Paddlesports Retailer Co-founders Launch SLC Outdoor Gear Show

The outdoor industry is returning to Salt Lake City, or at the least the gear and equipment segments are. Veteran outdoor retailers and long-time industry members Sutton Bacon and Darren Bush, who also are part of the team that launched the Paddlesports Retailer show, announced the launch of The Big Gear Show, a hardgoods-only retail buying plus consumer show that will focus on equipment and accessories for camping, climbing, paddling and biking. The event will take place at the Calvin L. Rampton Salt Palace Convention Center in Salt Lake City, Utah, July 21-25, 2020 – just one-month after Outdoor Retailer Summer Market takes place in Denver. The event will include access to outdoor excursions through Explore Utah, in-show demo opportunities throughout the show and a consumer day on the final day of event.

It’s no secret that the timing of Outdoor Retailer shows coincide mostly with the buying and production cycles of footwear and apparel. Hardgoods, on the other hand, have their own timing and cycles, which is largely the reason the paddlesports market broke from OR shows a few years back.

“Hardgoods are completely different than soft goods,” explained Bacon and Bush. “The way they’re sourced, manufactured, prototyped, produced and purchased is radically different. The margins and the business model are totally different. The sales velocity is totally different. There are already several outstanding trade shows focused on apparel and footwear. But we are focused exclusively on gear. The stuff that got us all outdoors in the first place.”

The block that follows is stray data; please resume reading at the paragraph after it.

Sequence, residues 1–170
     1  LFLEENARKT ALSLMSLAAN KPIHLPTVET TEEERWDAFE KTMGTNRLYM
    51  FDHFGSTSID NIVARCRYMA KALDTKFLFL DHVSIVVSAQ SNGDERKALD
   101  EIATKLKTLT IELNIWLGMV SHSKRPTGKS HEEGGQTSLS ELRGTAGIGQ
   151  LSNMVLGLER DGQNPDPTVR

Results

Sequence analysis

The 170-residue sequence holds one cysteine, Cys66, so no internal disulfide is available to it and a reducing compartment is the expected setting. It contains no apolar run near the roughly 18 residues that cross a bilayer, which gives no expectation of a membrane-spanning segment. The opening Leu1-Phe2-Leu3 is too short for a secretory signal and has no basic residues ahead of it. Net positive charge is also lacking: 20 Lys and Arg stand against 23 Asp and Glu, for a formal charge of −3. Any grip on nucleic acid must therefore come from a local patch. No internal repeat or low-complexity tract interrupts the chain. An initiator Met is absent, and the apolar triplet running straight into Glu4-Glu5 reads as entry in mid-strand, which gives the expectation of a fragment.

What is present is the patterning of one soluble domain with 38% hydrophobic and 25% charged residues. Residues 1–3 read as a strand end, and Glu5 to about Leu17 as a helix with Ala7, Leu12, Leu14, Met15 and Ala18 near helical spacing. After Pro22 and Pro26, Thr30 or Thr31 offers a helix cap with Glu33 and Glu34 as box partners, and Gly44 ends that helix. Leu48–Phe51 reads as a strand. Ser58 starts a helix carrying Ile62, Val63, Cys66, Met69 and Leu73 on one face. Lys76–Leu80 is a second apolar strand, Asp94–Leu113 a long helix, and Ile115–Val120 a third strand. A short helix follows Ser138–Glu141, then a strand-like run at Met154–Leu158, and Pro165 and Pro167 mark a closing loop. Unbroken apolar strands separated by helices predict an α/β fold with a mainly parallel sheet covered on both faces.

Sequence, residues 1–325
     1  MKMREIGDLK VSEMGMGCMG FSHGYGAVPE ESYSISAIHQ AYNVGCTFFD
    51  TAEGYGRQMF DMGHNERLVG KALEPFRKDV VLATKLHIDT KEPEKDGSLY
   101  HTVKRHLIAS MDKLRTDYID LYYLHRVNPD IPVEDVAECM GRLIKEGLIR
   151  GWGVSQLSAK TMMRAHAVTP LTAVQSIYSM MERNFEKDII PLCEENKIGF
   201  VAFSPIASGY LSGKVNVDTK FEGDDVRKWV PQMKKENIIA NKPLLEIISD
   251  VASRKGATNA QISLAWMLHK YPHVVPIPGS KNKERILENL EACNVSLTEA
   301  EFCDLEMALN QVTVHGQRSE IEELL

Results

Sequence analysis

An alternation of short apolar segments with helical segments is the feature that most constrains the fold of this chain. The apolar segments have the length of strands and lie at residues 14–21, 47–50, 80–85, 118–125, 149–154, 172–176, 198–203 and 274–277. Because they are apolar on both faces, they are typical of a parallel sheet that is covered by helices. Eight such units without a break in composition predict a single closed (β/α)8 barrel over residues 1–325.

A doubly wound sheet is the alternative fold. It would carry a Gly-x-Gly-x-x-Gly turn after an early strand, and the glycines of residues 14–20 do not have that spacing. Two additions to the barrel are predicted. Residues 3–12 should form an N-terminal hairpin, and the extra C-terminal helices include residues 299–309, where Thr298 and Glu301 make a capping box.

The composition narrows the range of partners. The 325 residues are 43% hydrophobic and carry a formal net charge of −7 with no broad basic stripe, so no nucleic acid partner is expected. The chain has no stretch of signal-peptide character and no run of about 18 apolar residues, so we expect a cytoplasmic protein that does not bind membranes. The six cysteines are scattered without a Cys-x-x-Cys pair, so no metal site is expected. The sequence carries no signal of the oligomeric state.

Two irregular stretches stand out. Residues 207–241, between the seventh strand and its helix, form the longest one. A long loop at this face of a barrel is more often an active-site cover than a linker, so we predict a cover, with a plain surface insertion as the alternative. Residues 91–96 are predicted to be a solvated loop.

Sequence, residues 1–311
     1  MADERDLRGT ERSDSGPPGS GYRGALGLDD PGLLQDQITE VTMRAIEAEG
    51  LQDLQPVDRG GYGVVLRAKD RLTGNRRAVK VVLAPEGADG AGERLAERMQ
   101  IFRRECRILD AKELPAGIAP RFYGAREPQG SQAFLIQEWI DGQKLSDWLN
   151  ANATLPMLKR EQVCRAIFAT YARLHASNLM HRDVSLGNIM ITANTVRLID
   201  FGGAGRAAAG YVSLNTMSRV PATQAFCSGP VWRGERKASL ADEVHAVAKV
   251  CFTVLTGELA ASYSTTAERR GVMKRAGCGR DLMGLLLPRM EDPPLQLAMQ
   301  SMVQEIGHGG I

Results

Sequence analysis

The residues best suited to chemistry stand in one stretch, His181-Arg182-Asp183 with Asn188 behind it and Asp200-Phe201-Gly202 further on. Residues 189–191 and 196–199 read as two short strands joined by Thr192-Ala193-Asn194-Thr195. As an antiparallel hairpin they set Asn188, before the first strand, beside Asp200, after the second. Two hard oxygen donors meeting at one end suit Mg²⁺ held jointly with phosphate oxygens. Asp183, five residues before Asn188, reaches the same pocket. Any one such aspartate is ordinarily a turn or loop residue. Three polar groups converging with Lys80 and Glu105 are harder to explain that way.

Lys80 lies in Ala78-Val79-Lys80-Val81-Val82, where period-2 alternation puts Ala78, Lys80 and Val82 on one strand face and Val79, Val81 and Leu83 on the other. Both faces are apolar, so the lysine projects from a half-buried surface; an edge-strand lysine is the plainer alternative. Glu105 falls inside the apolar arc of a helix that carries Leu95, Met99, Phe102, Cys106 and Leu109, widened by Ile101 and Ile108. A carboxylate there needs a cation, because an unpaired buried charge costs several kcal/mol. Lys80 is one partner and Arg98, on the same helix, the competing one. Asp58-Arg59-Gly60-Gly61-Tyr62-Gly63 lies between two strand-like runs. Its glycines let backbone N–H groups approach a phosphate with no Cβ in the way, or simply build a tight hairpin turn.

What’s more, the late July/early August dates are more appealing to retailers because it’s the time of year when smaller specialty shops are fully staffed, trained and running at full strength, said show organizers. “Finding the right dates is the biggest challenge for any trade show, but retailers have overwhelmingly told us they prefer a peak-season show to a shoulder season show because it’s easier to get out from behind the register.”

Each category (i.e. paddle, bike, climb, camp) will have its own basecamp, replete with an experiential demo area (cycling tracks, climbing walls, paddle tanks), buyer lounge, stage for seminars and panels, and new product showcases.

The event has already been endorsed by the National Bike Dealers Association as its official official national show for the bike industry. NBDA, which recently saw the shut down of the Interbike show, represents more than 1,100 independent bike storefronts. “We have been separated from our friends in bike for way too long — bikers hike, climb, camp and paddle too. We’re all selling to the same consumers, and we welcome them into our big tent with open arms,” explained the show website.

The educational model at the show is described as peer-to-peer. “This is because, as retailers ourselves, we know that retailers learn best from other retailers, not from consultants. Paddle shops can learn a lot from bike shops. Bike shops can learn a lot from specialty outdoor shops. We are all about the cross-pollination of ideas, data, and best practices, because no matter the distribution channel, all gear shops are all selling to the same core consumer,” said Bacon and Bush.